Best practice at analyst briefings: less common than worst practice

There’s always a lot of interest in best practices for analyst-vendor briefings. Sadly, everyone has their own partial view, and sometimes it’s hard to work out the things that work right for you, but that might not work out for someone else. What works in Canada may not work in China (as we’ll be discussing next month), and what works for communications may not work in semiconductors.

That means it’s always very valuable when people try to draw out their own experiences. It’s always interesting, for example, to company the analyst take with the spokesperson’s experience.

In this document, Ron Exler from the Robert Frances Group gives his take, outlining a number of strong tips. It’s certainly worth paying attention to, as Dave Stein has pointed out.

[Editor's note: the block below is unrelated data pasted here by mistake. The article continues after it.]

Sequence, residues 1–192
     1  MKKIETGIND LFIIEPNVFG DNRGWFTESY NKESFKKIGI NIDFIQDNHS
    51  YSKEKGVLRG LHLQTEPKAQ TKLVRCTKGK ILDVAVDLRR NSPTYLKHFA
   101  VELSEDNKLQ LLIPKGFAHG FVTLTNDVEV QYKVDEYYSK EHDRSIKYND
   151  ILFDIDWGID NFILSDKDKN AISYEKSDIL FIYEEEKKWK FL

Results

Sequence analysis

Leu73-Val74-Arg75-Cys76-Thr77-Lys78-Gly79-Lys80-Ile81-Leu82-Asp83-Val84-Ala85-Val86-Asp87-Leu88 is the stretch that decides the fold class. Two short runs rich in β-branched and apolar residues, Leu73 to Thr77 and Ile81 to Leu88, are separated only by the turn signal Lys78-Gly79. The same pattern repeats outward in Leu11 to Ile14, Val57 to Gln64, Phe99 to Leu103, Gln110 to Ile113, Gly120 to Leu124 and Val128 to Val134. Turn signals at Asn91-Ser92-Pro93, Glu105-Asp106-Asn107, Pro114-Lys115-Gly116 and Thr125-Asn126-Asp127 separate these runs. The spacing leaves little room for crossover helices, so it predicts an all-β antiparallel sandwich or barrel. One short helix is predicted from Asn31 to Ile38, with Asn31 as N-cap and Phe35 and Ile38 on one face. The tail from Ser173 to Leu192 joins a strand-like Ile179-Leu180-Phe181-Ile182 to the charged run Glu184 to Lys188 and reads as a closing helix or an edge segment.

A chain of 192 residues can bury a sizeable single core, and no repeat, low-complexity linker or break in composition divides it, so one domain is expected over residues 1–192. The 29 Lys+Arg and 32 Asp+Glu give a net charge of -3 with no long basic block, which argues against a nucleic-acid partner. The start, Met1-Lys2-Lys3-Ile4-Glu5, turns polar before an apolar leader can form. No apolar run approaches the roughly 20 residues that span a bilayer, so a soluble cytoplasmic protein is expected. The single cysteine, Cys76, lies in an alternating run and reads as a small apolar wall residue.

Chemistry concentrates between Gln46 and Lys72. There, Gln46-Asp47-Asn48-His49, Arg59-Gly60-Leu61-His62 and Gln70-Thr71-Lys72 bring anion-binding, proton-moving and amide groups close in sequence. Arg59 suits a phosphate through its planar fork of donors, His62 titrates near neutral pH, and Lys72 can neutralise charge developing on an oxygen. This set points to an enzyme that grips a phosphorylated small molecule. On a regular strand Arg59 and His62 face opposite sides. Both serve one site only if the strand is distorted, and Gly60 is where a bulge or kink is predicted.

Donald Taylor, on the other hand, gives a humourous and ironic take on the spokesperson’s often wrong-headed perspective. I especially liked this: “Check Technorati for the latest hot buzzwords and apply those to your product/company. Hot terms right now? SaaS, gaming, social networking and Britney Spears. An ideal product would link all 4 of these.”

Sadly, Donald’s comments seem the most ‘on the money’ to me. Over several years, I’ve seen little or no improvement in how effective companies seem to be in their first attempts at briefing analysts.

For that reason we’re running a free call this month, on Thursday June 20, on selecting and preparing spokespeople. Drop us an email if you’d like to join the call.

Duncan Chapple

Duncan Chapple is the preeminent consultant on optimising international analyst relations and the value created by analyst firms. As SageCircle research director, Chapple directs programs that assess and increase the business value of relationships with industry analysts and sourcing advisors.